And that completes the set. Now there are no honest politicians left at all.
Maybe I exaggerate a trifle, but Garret Fitzgerald did seem different. Even though he led a right-of-centre party, even though he could give the impression of being confused and ineffectual, even though he didn’t achieve much of what he set out to, he was the greatest leader that Ireland has had in my memory. There was never any doubt that Garret’s motivation was not personal power, status or wealth. He wasn’t there to be liked by his coterie or cheered by the the masses. He was there to do something about the mess the country was in.
He did that, and he was still liked anyway. Though the sobriquet ‘Garret The Good’ was intended to lampoon his earnestness, no one doubted that it was true. This was a good man in politics. A man who did more than anyone to free Ireland from religious domination, who first dared to attempt what finally bore fruit as the Peace Process. That rarest of things, an intellectual in a leadership role.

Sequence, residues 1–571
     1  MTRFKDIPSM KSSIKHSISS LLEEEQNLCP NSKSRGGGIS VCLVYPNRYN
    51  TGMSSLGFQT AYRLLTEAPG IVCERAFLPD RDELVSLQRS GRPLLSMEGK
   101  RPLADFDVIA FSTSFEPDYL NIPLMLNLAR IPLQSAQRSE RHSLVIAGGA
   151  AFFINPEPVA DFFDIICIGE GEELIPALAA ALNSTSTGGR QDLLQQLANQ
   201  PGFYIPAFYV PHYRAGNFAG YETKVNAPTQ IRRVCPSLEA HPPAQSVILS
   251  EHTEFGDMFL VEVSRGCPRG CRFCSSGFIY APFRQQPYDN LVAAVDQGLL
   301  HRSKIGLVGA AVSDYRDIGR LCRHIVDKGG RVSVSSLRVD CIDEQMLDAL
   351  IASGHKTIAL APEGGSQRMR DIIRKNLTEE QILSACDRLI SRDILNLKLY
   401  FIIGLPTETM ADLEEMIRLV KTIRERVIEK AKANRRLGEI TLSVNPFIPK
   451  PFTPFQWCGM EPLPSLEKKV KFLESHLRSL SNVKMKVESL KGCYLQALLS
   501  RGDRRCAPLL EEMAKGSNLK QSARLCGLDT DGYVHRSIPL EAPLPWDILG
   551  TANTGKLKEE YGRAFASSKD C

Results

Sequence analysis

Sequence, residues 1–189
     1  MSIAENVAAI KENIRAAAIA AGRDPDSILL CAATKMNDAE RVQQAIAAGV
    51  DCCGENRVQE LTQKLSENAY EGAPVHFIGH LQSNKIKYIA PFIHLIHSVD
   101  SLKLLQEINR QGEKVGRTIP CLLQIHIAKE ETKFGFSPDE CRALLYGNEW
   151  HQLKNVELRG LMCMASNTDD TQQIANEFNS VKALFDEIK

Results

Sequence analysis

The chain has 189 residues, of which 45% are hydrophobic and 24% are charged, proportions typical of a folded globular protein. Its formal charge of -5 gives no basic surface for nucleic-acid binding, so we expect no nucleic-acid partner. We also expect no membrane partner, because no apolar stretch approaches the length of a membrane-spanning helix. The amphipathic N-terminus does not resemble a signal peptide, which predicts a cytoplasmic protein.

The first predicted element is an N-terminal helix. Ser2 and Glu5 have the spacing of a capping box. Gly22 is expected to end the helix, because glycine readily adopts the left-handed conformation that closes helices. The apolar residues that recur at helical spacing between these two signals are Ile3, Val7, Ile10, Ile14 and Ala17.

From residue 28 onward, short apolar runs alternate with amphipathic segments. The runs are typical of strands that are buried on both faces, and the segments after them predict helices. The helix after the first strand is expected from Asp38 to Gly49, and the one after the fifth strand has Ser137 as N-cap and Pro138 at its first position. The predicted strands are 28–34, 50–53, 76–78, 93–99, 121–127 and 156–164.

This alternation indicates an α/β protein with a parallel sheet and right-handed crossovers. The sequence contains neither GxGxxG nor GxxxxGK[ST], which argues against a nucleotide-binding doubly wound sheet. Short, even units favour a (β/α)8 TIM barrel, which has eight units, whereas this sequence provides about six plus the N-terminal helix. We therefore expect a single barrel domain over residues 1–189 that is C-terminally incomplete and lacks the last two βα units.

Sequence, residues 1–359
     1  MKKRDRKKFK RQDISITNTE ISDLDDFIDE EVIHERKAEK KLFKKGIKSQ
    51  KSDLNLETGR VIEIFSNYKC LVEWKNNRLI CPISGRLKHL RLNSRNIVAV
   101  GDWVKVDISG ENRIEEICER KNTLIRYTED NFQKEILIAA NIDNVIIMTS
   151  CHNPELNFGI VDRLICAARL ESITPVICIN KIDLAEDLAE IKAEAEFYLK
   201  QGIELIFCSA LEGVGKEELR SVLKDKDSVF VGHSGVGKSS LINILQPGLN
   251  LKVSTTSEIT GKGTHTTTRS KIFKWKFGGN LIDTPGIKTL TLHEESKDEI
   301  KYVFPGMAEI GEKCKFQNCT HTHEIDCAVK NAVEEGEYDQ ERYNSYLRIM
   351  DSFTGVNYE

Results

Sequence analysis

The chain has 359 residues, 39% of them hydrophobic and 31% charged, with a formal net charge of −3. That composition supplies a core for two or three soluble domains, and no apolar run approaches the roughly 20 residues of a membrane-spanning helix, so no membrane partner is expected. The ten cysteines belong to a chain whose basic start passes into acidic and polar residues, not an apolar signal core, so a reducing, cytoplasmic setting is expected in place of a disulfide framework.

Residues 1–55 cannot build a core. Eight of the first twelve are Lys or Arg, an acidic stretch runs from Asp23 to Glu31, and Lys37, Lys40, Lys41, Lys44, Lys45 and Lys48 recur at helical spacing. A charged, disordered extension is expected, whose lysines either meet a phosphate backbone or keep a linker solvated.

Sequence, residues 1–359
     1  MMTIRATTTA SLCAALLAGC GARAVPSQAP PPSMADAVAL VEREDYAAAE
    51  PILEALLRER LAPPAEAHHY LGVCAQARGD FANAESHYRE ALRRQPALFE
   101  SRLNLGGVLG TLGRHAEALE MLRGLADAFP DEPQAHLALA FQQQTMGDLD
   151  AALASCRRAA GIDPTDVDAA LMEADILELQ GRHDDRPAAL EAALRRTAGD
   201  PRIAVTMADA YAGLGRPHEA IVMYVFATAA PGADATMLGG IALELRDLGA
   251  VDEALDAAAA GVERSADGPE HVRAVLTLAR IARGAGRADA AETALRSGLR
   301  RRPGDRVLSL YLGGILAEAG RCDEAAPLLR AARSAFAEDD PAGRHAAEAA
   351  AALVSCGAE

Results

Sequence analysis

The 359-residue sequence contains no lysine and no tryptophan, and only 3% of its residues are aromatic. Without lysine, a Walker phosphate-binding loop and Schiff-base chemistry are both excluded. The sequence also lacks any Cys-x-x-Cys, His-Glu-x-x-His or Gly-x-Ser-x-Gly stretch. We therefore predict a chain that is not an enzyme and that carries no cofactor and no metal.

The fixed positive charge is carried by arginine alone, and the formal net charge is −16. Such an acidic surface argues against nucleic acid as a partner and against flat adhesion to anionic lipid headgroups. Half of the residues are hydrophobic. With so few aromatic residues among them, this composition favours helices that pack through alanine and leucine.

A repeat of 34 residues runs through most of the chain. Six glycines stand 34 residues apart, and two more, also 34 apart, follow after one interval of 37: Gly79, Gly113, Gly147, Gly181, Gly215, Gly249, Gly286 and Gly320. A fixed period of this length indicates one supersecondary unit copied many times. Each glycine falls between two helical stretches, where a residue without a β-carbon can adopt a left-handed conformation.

And in 1987, the voters of Ireland decided that they would actually prefer to be ruled by Charles Haughey. So perhaps we deserve all that has come since.